Children with Asperger’s syndrome and other high-functioning forms of autism (HFA) are intelligent, but may lack social understanding. These students require specialized instruction to achieve social and academic success. Use these resources to help teaching children with Asperger's and HFA.
Children with Asperger’s syndrome and other forms of HFA experience deficits in social skills and have difficulties using nonverbal behaviors, developing peer relationships, sharing spontaneous enjoyment with others, and displaying social and emotional reciprocity. Individuals with this disorder typically display repetitive behaviors and develop an intense interest in a particular topic. The constant sharing of this knowledge often deters forming relationships with others. Changes in routine usually cause children with the disorder to become upset or completely withdrawn. These impairments can make teaching children with Asperger’s and HFAA quite challenging.
The diagnosis of Asperger’s or another form of HFA is made through assessments comparing an individual’s skills and behaviors with those of the appropriate developmental age. Since more boys than girls receive a diagnosis, parents and teachers should have awareness of the less aggressive symptoms females with this disorder display. Once a diagnosis is made, children should immediately receive intervention services such as occupational therapy, speech and language therapy, and behavior modification.
Identifying the Disorder and Improving Skills in Young Children
While a diagnosis is more challenging to make in younger children, Asperger’s may be seen in toddlers with limited eye contact, lack of reaction to facial expressions, and poor social interaction with others. Gross motor skills are affected, too. These skills, as well as more precise fine motor coordination involving the hands, can be improved with activities, games, and everyday play. When a child turns three and becomes eligible for public school services, specific goals in all developmental areas should be included in the Individualized Education Plan.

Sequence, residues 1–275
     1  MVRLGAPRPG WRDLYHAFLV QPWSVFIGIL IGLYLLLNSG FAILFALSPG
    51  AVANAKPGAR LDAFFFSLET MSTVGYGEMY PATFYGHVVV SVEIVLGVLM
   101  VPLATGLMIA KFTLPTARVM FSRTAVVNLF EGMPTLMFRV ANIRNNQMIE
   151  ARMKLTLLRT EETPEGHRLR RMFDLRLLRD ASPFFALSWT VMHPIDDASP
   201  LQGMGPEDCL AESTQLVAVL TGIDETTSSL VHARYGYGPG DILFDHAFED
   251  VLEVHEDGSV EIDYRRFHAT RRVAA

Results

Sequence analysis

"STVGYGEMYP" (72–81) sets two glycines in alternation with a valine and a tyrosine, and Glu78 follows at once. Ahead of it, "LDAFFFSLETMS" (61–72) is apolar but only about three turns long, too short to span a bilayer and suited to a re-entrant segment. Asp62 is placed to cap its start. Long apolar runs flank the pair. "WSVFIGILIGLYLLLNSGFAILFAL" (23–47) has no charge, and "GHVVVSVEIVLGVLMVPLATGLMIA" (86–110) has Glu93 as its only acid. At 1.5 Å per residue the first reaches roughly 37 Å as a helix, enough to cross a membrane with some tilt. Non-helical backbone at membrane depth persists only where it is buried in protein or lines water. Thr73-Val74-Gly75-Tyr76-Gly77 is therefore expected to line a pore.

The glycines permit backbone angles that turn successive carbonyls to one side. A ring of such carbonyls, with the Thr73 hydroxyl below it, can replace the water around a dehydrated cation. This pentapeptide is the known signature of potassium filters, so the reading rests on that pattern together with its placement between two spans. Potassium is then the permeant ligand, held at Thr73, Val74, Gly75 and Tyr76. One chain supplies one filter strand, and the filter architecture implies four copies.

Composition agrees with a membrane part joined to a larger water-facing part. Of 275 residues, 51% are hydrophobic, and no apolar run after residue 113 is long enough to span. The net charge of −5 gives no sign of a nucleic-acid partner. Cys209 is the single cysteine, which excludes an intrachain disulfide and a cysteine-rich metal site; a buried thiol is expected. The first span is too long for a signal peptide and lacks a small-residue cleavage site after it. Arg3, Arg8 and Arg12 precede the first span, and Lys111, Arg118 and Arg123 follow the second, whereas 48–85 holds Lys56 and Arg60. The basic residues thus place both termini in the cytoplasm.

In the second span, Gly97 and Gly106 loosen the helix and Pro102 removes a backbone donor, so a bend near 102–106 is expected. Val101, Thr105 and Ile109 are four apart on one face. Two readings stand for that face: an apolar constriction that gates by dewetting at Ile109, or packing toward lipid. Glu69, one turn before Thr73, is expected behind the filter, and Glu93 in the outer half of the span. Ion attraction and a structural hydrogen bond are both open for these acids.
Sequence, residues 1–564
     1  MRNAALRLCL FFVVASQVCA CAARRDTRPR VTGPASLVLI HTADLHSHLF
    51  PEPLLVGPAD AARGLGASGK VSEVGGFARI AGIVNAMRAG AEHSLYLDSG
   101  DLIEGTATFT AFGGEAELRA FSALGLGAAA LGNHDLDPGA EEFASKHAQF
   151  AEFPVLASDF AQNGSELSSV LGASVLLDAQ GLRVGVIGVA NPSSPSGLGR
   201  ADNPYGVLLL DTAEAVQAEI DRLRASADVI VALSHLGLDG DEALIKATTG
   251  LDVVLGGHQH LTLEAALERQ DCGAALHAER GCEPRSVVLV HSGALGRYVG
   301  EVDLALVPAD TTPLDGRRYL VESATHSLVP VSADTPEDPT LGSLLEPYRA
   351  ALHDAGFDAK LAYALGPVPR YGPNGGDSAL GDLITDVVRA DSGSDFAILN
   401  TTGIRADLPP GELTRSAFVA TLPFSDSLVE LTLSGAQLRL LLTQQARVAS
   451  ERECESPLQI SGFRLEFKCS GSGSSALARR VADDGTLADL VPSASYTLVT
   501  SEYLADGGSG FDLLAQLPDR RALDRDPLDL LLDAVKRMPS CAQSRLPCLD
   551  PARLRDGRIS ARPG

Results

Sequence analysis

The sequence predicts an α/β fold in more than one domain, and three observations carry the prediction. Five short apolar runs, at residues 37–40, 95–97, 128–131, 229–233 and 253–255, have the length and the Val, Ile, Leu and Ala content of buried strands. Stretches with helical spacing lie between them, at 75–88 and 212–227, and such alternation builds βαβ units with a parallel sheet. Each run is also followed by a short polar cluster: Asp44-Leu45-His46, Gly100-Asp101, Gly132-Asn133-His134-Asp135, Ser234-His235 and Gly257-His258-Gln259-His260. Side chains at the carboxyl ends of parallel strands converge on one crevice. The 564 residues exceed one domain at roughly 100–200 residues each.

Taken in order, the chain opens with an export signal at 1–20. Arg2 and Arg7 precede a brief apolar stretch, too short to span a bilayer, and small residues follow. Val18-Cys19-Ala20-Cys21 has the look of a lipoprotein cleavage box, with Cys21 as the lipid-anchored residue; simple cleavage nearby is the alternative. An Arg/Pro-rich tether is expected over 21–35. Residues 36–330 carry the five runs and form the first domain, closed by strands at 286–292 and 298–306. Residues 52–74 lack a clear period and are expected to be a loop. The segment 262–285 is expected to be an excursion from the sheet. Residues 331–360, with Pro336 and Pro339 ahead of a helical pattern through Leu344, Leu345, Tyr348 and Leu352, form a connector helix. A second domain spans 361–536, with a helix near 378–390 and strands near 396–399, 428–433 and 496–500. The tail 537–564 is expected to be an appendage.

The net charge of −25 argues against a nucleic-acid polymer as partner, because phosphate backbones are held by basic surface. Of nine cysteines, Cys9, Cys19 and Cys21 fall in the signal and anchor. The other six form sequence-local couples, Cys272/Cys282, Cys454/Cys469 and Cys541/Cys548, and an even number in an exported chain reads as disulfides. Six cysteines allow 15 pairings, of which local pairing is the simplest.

Having a student with Asperger’s syndrome requires specific strategies to assist with classroom functioning. Educators should try to maintain a routine each school day and prepare the student for changes, even if they seem minor. Teachers may need to sit the student in the front of the classroom and use cues to sustain attention and help with transitions. Socialization should be encouraged with a peer who can assist with activities.
When teaching subjects such as reading and another language, teachers need to use practical, real-life examples and role-play to illustrate abstract concepts. Pictures also help students with HFA learn new vocabulary. Outside the classroom, physical, occupational, and speech therapists can strengthen language and communication skills, in addition to balance and coordination, with horse therapy.
Improving Social Skills
Social skills present some of the most difficult challenges since students with Asperger’s do not learn through observation. Instruction in socialization should be explicit with lots of practice and role-playing. Peer mentors can also facilitate typical relationships between classmates. In choosing extracurricular activities, a student’s abilities and interests should be considered to further develop social skills and to avoid frustration and stress.
Social stories describe practical situations by identifying expected behavior, accurate information, and appropriate communication skills. Stories should be in present tense and include who and what is involved in the situation, what is happening, and why the situation has happened. Educators should identify the thoughts and feelings of the people involved, and the reactions of the student, too.
Information to Help Teens
Teens with Asperger’s face particular challenges. High school students may be more aware of their difficulties, but they need instruction and practice developing self-determination skills. These skills include making choices and developmentally appropriate decisions in school and at home.
Since these teens will continue to struggle with communication and social skills, parents and teachers should find peer mentors in the school or community to foster personal relationships. Parents should offer specific guidance on dating etiquette and sex education.
Teaching children with Asperger’s and HFA can be a challenge, but also offers significant rewards. Students benefit from caring adults who push them academically and socially, yet work with them and their peers to ease stress and anxiety.